n Filosofia Theoretica: Journal of African Philosophy, Culture and Religions - David A. Oyedola and the imperative to disambiguate the term "African philosopher" : a conversation from the standpoint of the conversational school of philosophy - the calabar circle (CSP)
|Article Title||David A. Oyedola and the imperative to disambiguate the term "African philosopher" : a conversation from the standpoint of the conversational school of philosophy - the calabar circle (CSP)|
|© Publisher:||Calabar School of Philosophy|
|Journal||Filosofia Theoretica: Journal of African Philosophy, Culture and Religions|
|Affiliations||1 University of Calabar, Nigeria|
|Publication Date||Jul 2015|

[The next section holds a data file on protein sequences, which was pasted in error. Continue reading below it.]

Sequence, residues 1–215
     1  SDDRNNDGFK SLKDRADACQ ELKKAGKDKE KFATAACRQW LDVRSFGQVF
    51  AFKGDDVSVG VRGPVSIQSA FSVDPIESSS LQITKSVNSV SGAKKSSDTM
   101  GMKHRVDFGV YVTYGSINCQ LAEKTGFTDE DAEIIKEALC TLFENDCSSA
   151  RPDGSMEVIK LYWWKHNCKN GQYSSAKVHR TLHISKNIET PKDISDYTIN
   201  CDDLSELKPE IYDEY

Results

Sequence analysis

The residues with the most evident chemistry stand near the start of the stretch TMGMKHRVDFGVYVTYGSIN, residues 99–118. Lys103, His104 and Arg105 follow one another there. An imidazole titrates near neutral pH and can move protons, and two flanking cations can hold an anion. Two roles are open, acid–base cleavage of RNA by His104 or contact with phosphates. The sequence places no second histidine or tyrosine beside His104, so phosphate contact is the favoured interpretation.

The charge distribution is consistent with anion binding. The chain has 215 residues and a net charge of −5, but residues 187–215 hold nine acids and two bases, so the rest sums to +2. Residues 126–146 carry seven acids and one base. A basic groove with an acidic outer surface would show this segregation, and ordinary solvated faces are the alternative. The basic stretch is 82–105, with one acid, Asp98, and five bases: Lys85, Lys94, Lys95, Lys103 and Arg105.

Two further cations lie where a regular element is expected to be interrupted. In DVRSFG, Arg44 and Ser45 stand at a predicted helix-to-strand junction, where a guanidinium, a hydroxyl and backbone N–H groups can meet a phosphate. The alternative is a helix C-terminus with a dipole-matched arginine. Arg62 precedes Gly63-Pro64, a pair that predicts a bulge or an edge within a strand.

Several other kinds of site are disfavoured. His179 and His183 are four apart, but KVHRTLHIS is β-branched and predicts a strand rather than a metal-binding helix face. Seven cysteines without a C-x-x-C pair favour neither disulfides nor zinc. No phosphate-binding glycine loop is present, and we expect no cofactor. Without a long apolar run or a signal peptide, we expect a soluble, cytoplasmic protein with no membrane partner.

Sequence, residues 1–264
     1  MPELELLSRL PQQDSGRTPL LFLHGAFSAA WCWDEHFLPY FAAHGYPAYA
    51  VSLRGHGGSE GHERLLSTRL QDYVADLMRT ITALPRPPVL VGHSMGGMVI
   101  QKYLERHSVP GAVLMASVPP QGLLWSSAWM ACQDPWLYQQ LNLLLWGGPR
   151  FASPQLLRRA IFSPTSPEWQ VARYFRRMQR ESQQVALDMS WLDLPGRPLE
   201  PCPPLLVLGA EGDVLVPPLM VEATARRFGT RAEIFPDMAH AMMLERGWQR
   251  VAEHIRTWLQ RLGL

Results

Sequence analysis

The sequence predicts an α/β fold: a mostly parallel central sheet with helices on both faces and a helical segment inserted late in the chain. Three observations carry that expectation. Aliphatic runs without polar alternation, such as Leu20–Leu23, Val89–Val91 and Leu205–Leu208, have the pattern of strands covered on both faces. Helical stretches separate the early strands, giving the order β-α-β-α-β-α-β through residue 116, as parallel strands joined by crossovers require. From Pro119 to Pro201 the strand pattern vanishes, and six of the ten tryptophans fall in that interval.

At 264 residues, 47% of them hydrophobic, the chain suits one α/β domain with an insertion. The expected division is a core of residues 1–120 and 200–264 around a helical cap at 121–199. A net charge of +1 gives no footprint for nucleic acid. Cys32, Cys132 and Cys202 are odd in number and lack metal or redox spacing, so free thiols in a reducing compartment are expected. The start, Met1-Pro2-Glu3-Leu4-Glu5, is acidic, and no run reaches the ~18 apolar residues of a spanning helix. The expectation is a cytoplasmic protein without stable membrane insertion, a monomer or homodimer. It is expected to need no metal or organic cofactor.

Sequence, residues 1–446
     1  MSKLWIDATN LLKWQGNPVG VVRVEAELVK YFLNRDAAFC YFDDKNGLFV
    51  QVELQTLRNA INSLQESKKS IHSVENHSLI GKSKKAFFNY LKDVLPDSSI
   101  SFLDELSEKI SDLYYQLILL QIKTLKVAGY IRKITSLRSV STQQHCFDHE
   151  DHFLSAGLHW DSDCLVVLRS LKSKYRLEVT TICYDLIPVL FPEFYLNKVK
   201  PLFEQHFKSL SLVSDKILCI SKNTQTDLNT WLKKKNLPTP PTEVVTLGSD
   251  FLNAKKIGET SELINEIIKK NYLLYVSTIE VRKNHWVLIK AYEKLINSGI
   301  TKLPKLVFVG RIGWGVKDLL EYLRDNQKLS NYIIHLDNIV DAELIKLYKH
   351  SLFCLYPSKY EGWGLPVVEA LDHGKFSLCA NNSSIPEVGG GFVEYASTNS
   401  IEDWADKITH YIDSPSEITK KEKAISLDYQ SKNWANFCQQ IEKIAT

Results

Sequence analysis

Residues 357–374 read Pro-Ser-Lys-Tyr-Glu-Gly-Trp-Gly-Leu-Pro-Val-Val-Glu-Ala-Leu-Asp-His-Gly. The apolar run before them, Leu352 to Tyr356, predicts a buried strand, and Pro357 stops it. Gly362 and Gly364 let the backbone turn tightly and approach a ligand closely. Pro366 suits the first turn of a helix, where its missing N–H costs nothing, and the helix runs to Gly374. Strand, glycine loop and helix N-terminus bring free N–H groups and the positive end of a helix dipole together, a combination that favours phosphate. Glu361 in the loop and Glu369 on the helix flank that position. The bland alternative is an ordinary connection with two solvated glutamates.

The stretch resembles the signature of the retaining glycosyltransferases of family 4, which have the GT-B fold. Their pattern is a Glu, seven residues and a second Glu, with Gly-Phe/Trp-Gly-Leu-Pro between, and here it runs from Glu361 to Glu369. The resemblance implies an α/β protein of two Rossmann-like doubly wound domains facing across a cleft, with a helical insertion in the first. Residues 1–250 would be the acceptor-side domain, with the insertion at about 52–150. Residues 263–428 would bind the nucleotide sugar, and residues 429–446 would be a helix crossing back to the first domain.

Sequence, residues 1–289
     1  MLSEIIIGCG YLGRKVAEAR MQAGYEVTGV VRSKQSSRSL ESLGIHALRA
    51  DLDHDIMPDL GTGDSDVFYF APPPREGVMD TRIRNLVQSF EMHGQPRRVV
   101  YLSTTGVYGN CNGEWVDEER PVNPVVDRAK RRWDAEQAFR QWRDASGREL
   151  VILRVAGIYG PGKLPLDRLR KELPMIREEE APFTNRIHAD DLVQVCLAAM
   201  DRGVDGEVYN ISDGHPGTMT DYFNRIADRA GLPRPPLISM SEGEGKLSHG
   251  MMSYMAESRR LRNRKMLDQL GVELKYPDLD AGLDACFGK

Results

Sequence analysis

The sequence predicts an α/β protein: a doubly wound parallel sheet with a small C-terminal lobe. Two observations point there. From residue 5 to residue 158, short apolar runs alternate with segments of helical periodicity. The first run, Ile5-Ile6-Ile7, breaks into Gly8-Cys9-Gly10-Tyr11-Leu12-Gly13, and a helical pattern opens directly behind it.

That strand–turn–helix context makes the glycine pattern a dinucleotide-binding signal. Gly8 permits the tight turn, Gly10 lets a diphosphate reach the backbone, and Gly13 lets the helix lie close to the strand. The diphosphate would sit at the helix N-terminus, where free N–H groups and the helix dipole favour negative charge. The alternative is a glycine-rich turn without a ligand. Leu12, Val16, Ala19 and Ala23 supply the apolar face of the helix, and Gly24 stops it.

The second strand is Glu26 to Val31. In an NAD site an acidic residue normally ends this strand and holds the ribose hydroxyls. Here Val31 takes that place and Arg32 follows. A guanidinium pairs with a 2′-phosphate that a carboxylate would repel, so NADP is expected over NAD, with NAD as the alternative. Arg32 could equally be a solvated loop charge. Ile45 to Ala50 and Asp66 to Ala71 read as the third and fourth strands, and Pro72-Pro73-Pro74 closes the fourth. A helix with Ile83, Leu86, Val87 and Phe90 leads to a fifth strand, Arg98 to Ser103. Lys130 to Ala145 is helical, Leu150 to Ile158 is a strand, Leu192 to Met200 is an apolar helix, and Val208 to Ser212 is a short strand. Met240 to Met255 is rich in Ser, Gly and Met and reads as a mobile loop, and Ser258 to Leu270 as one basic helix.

|Pages||94 - 99|
One of the most enduring questions that survived the Great Debate on African philosophy is the question of the criterion for African philosophy. A number of articles that tend to tackle this controversial question have been published in previous volumes of this journal. The most recent are: Uduma (2014), Segun (2014), Chimakonam (2015b) and Oyedola (2015). The major focus of this work is on how Oyebola's analysis of the criterion question calls for an explicit definition of who an African philosopher is and this shall be done using the standpoint of The Conversational School of Philosophy - The Calabar Circle also known as The Calabar School of Philosophy (CSP) on the criterion for African philosophy as articulated by Chimakonam (2015a, 2015b, 2015c,). My contention is that the discussions in Oyebola's article call for the disambiguation of the term African philosopher and that an adequate understanding of the position of the CSP on the criterion for African philosophy makes it easy to identify who an African philosopher is or should be.
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